The Perfect Nest
Jack the cat is building the perfect nest. It’s bound to attract the perfect chicken, who will lay the perfect egg, which will make the perfect omelet. And sure enough, a chicken shows up (“¡Caramba!”) but so do a duck (“Sacre bleu!”) and a goose (“Great balls of fire!”). Feathers get ruffled—and Jack gets much more than breakfast—in a funny tale rich in details with a sweet final twist.
- Pennsylvania Keystone to Reading Book Award, 2009
- Minnesota Book Award finalist
- Norfolk (UK) Children’s Book Award finalist
- state reading program finalist in Nevada, Arizona, California, and New Hampshire
note to readers
Two things happened on our farm that gave me the idea for The Perfect Nest. The first thing? One day I heard some banging behind a feed bin in the barn, and went to investigate. It was dark behind the bin, and I saw what looked like the head of a chicken and the body of a duck. I looked again the next day and saw what now looked like the head of a duck and the body of a chicken! Turns out a duck and a chicken had both laid an egg in this nest, and each refused to leave. I couldn’t get a photo because the nest was too dark, but a few years later I found two hens who insisted on sitting on the same nest. Pumpkin doesn’t eat the duckling
The second thing? We have two barn cats, Oliver and Pumpkin, and just like any cat living outside, they will chase, kill, and eat small animals and birds. It’s what cats do. But when they came to live with us, we taught them both that they could not hurt the baby chicks and ducklings on our farm. They learned very quickly, and even when they are face to face with a little duckling, they don’t do a thing.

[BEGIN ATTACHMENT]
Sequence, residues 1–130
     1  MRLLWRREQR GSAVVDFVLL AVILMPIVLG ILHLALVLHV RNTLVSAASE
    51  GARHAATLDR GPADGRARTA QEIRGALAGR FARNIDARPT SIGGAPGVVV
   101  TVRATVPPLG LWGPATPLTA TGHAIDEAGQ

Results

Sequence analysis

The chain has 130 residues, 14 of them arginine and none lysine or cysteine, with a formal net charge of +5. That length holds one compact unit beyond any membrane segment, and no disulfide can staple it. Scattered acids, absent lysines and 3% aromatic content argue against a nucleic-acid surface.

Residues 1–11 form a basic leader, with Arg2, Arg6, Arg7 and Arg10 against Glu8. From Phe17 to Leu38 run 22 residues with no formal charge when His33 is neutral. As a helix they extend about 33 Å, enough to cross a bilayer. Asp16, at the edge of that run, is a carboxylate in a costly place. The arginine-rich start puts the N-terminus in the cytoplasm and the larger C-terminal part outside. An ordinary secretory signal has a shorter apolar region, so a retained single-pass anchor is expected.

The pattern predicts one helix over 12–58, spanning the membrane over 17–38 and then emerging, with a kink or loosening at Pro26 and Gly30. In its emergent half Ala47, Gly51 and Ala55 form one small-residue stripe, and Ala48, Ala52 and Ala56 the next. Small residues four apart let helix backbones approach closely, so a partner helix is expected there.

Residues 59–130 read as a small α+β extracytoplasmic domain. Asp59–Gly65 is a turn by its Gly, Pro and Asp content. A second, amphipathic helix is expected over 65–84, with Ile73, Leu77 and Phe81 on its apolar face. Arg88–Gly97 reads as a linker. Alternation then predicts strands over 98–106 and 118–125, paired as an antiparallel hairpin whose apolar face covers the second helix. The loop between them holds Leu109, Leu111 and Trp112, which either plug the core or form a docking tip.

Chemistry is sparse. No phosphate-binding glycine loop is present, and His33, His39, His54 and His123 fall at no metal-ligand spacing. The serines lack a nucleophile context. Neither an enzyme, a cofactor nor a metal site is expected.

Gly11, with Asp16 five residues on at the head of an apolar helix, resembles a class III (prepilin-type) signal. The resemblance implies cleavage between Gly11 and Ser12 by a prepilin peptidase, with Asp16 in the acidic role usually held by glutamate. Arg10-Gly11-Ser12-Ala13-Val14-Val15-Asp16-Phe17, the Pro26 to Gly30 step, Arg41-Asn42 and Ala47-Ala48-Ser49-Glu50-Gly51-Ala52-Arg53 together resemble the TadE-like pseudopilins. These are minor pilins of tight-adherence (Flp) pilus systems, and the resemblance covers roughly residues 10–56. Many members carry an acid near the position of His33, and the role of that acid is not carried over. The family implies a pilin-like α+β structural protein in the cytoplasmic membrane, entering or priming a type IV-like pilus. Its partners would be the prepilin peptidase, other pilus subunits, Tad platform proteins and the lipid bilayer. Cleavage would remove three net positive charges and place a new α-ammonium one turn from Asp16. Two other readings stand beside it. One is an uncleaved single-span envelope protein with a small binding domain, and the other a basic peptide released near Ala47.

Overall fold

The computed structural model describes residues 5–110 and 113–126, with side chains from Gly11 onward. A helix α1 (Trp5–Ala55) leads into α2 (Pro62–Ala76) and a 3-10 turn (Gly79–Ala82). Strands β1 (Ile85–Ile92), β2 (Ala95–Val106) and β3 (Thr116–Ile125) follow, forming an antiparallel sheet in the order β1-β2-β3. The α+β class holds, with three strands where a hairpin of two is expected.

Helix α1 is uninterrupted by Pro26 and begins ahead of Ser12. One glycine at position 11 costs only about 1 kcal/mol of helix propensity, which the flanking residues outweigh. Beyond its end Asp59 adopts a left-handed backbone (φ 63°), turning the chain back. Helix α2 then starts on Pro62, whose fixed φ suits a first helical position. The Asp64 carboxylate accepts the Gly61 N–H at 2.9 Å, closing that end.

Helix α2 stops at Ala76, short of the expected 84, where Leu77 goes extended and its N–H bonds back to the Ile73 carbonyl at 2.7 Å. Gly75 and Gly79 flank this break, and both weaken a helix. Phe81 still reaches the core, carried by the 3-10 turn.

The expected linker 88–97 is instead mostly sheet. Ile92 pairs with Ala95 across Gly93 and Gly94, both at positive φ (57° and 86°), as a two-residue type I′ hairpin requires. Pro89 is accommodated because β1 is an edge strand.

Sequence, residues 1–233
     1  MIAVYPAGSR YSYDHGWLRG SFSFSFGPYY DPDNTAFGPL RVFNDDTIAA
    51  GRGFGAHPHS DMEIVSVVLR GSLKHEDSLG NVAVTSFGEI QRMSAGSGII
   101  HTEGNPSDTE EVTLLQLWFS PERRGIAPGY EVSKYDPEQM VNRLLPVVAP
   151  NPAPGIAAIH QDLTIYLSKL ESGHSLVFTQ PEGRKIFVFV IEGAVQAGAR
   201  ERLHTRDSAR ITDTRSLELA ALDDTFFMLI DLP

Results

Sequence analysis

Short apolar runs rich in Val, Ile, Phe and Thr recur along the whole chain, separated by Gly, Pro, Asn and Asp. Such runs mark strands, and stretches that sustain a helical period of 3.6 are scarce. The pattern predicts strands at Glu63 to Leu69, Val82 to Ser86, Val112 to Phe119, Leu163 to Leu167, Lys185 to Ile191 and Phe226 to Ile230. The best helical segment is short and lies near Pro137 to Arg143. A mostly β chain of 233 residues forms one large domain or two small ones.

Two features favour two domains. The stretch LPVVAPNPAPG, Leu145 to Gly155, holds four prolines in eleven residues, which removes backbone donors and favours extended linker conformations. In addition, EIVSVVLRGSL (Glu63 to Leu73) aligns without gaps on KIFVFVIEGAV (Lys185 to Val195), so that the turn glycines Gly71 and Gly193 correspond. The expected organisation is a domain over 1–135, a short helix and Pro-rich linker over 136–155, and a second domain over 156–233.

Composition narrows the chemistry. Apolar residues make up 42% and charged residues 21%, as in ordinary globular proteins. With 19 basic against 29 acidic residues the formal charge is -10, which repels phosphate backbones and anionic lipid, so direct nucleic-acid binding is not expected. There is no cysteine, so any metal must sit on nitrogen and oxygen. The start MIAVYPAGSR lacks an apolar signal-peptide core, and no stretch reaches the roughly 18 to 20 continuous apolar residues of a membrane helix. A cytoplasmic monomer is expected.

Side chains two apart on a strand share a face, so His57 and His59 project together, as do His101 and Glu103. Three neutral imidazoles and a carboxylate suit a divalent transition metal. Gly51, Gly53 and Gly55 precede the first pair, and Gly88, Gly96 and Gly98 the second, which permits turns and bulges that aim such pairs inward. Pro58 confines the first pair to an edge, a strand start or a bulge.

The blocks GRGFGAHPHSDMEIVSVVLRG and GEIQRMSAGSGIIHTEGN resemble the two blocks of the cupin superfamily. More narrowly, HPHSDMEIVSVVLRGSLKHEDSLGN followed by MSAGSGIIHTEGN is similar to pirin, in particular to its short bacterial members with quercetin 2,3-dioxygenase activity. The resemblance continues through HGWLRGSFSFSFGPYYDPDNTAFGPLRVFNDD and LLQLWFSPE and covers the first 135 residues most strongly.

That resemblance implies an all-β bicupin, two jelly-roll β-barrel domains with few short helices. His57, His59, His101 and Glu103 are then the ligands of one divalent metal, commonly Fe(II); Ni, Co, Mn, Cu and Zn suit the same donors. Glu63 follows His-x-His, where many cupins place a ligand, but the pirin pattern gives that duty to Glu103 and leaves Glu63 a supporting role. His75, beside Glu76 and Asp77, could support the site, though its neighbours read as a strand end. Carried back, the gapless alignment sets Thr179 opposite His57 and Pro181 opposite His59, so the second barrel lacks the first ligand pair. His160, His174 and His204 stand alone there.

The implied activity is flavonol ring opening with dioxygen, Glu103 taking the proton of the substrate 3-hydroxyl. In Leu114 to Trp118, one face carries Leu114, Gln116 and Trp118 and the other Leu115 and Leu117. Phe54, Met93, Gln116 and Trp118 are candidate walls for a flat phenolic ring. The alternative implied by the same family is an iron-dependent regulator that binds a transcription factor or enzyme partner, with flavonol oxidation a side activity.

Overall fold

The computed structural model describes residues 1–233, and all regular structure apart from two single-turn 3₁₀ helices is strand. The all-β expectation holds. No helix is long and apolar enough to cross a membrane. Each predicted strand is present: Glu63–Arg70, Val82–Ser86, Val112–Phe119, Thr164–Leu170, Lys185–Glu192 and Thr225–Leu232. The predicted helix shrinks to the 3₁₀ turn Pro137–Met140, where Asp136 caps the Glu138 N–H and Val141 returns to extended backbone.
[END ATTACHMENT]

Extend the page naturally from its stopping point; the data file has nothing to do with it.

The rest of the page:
So I took those two separate, unrelated events, put them into the Story-O-Matic in my office, and out popped The Perfect Nest. I hope you enjoy it!
“Jack the cat constructs the perfect nest to appeal to a chicken, one who, he anticipates, will lay an egg he can make into a delicious omelet. The luxurious nest he provides, though, attracts not just a Spanish-speaking chicken (“¡Caramba!”) but also a French-speaking duck (“Sacré bleu!”) and then an all-American goose (“Great balls of fire!”). To Jack’s delight, each bird lays an egg—but to his dismay, all three refuse to budge from the nest. Days pass, and by the time Jack finally hits on a way to move the birds, the eggs have hatched, and Jack becomes an unwilling mamá/maman/ma. John Manders’s large, exuberant gouache paintings have exactly the right cartoony style, with everything just a little cheesier and larger than life. Funny details abound: Jack’s chicken-attracting nest is padded with pillows, framed by Christmas lights, and has a welcome mat leading up to it. With its big pages and energetic telling, this will make a great story-time book.” (The Horn Book)